What makes fish smell like fish

Why do chicken eggs sometimes smell like fish?

If your egg gives off an unpleasant fishy odor, one thing can be said with certainty: that you are holding the egg of a "brown-laying egg" in your hands. Because only brown eggs have the unpleasant smell of fish. Every 20th of these is affected, regardless of whether it is fresh or whether it is slowly starting to get bad.

The age of the eggs does not matter because the culprit was already in the hen and was only included in the egg yolk when it was laid: the molecule trimethylamine (TMA). This substance is also found in decaying fish, so that the egg smells like fish to us.

This article is included in Spectrum - Die Woche, November 25, 2006

The question arises how the TMA got into the poultry. So-called enterobacteria, which normally live in the chickens' intestines, are to blame. There they convert certain substances from the chicken feed into the odor-active molecule. For example, choline is such a precursor, as is sinapine.

Because both are found in rapeseed, chicken farmers were advised to only feed rapeseed hens that lay white eggs. Because we already knew from experience that no problems were to be expected with these animals. Another source for TMA is wheat infected with stink blight. And fish meal too. Although this has become rarer, it has been allowed to be fed to chickens again for some time.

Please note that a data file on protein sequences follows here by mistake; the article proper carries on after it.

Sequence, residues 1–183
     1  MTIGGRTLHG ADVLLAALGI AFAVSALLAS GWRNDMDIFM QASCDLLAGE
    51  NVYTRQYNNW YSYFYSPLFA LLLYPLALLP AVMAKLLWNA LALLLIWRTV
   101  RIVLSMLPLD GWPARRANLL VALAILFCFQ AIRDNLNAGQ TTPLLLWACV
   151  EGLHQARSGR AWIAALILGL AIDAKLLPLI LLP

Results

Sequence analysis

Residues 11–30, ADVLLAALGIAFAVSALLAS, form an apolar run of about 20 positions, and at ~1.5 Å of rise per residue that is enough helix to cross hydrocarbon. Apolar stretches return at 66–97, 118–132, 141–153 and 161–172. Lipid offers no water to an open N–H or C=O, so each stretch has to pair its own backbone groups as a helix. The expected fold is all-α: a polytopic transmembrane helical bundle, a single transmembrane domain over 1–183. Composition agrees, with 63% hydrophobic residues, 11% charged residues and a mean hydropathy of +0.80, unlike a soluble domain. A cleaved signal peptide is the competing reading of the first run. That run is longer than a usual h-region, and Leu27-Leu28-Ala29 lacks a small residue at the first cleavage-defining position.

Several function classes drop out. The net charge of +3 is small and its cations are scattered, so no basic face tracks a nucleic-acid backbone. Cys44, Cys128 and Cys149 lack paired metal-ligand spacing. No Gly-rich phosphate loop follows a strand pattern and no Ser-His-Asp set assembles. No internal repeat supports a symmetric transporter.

So in the end, does the foul exhalation come from fish and the TMA it contains? No, found researchers from the Federal Research Center for Agriculture: TMA alone is not enough to create a smell. Together with Finnish scientists and a private breeding company, they discovered that the odor was caused by a mutation in the gene FMO3 is caused in the affected laying hens. This genetic defect prevents the chickens from using a special liver enzyme to convert the TMA into odorless TMA oxide. But because the chickens still have to get rid of the substance, they accumulate it in their eggs, for example - to the chagrin of the consumer.

Incidentally, the discovery of the genetic defect is no coincidence: like chickens, humans can also develop trimethylaminuria, but only in extremely rare cases. Therefore, although they do not lay eggs, they also lose the ability to break down the TMA. If you do not adhere to your strict diet and avoid TMA-forming substances, you will also get the fishy smell.